Think back to a teacher who had a positive impact on your life. What did she/he do to influence you?

Mr. Harding, my high school science teacher. I remember when I entered high school, he always used to set challenging homework and tasks, but would also try to get us all to engage in cool science things. I didn't realise at the time how exciting he made science, and it really piqued my interest in the subject. He also supported me as I made a club that investigated rocket fuels as our teacher sponsor. I even ended up taking a Leadership class outside of school, not only to develop my own skills, but also because he was such an interesting individual to learn from!

Which living person do you most admire? Or who are your heroes in real life?

I always like to have a range of heroes, and draw from each of their respective experiences. Of course, I admire my parents, for all of the sacrifices they have made for me and the family. They have both really fostered a sense of adventure in me, and taught me that it is possible to achieve your goals. In terms of astronauts I really look up to Roberta Bondar, the first female Canadian astronaut, and Helen Sharman, the first Brit in space! They both have such interesting backstories, and I love that they were able to become astronauts at a time when it really wasn't common for females to be in STEM. I'd also like to mention Jim Lovell, the commander of Apollo 13, who remained calm under pressure, and took the "successful failure" all in stride. He really has taught me a lot about our definitions of success versus failure. I also really look up to Emily Calandrelli, an aerospace engineer/TV host and basically the coolest person ever. She's done so many amazing things in the space sector, and posts such amazing outreach videos. I can honestly say for certain that she was the person who helped me decide I wanted to/actually was able to become an aerospace engineer. There are also countless women that I have reached out to on social media, and also women in space all over Scotland, who are all working hard to make their mark on the sector, and follow their passion. They all inspire me, every day!

Personal tastes and favourites

What is your favourite sci-fi movie?

I would have to say Apollo 13. It has always fascinated me how something could be a "successful failure", and yet, this mission proved there could be! Visually, it was super well done, and I was on the edge of my seat, even though I knew the ins and outs of the mission. As well, the technical details were extremely well done, and really broke it down for the general audience to understand.

What is your favourite book?

An Astronaut's Guide to Life on Earth by Col. Chris Hadfield really captured my imagination growing up, and I've read it several times. It's so fascinating to get an insight into astronaut training, and how he made "the impossible possible." The book is designed to teach you how to think like an astronaut, and also describes Hadfield's story from his dream of becoming an astronaut, to his time in space. It's such an interesting read, filled with some little nuances about the technicalities of living in space. The book really inspired me when I was younger, and taught me to much about having a goal, and how to go out there and achieve it. Not to mention, Col. Hadfield is Canadian, and it's pretty cool to hear about a fellow Canuck doing such amazing things.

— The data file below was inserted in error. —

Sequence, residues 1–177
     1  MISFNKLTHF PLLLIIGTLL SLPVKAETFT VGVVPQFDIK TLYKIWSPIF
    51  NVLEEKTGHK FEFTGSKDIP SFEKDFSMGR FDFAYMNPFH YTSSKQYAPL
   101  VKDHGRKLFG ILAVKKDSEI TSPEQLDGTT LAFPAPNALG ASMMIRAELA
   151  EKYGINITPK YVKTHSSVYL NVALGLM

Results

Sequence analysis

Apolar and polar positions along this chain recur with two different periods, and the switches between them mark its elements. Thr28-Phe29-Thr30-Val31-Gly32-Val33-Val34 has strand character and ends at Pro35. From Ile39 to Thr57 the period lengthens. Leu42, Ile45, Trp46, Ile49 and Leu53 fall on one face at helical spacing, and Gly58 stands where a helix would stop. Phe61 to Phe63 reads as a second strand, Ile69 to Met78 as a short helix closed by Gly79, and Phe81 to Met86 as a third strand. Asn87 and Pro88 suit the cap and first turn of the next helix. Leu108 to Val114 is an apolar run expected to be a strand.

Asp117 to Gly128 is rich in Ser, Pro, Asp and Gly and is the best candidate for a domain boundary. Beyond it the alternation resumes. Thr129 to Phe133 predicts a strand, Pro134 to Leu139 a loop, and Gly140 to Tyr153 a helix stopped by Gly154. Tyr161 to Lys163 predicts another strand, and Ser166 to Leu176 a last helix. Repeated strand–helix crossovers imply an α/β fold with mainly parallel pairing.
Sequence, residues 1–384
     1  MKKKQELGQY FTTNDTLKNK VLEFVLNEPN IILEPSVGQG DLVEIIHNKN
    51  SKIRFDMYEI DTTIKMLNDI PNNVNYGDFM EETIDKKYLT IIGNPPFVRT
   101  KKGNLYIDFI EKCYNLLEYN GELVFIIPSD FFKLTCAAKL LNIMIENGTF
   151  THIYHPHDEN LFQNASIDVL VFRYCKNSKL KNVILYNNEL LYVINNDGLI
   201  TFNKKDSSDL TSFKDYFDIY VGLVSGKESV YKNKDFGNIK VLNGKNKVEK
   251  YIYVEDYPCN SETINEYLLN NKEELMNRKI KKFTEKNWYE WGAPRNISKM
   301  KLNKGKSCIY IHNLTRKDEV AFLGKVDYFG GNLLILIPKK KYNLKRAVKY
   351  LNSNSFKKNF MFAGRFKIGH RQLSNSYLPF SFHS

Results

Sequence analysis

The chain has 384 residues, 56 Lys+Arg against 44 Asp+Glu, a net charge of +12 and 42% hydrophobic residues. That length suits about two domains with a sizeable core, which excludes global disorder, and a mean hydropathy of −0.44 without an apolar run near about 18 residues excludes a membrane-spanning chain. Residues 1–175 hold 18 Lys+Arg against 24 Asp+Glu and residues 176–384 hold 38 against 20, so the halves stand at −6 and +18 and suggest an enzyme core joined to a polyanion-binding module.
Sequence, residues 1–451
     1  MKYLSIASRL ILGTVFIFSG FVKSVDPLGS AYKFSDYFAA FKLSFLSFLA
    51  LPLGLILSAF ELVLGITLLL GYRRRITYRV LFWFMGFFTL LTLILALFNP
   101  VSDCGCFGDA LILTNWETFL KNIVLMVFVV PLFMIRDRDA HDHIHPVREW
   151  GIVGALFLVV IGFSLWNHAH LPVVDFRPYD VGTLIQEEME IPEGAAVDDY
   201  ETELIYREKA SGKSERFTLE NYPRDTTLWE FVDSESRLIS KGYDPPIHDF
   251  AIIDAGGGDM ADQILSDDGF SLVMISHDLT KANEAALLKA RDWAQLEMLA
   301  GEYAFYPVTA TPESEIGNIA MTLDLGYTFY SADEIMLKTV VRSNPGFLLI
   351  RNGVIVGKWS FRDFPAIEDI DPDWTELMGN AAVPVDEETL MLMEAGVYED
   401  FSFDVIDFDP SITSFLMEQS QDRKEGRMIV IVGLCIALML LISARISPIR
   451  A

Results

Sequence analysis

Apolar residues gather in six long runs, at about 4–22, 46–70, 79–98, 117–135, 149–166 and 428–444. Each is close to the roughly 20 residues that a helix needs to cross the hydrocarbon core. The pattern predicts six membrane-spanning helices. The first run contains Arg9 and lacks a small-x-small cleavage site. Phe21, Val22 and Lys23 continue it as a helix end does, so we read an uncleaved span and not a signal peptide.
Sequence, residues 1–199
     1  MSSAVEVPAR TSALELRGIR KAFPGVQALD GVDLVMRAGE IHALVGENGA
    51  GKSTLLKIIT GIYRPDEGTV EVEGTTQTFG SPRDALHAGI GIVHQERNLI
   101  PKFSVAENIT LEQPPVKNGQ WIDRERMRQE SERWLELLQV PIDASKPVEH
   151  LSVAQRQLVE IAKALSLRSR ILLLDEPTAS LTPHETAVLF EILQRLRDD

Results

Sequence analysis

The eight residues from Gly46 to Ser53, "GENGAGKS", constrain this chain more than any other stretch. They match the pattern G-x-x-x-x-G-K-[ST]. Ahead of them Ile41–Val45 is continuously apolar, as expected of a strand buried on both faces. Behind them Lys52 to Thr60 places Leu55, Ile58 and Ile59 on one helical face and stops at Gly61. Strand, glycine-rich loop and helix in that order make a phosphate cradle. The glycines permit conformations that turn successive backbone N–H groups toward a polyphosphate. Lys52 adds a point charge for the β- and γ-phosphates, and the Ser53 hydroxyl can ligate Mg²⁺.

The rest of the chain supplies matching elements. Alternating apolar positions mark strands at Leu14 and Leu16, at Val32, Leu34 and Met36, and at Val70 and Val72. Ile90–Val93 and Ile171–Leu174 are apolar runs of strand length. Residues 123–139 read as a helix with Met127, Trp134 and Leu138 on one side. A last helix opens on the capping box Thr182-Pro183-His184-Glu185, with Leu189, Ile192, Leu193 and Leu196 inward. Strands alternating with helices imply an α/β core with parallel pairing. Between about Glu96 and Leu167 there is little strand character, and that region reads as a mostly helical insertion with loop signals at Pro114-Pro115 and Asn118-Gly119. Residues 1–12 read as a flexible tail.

What is your favourite place on Earth?

This is a difficult one, because I have some beautiful memories around the world. However, I have to say that my home, in Vancouver, is my favourite place on Earth. There is nowhere else in the world that has such raw, untouched beauty, only a few minutes away from a buzzing metropolis. I love the ocean, the mountains, the city, and the people.

What is your most treasured possession?

I don't really have treasured possessions, now that I think about it. I remember having a memory box of precious objects when I was a child, and yes, although I am still a hoarder, after reflecting on the importance of friends and family, I realise that my most treasured possessions are my memories and relationships. I think it's so important to recognise the amazing people around us, and the importance of family and friendship.

Thanks for reading through my little astronaut Q&A, and I hope you found fun as interesting as I did!

What's a fun fact about you?


IMG-1947 2.JPG

Hi, thanks for stopping by!

Mechanical Engineering student. Future space engineer. Writer. Runner. Passionate about getting more women into STEM.

Follow me on my journey!

Thanks for submitting!

  • Instagram
  • Twitter
  • LinkedIn